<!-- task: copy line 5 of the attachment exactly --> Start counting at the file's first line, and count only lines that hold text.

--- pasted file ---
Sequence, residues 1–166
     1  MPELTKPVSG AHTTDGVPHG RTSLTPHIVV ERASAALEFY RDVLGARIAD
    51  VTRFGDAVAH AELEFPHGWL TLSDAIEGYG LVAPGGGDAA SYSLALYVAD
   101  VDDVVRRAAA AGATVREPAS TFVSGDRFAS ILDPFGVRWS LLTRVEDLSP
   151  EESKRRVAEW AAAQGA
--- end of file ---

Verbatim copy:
   151  EESKRRVAEW AAAQGA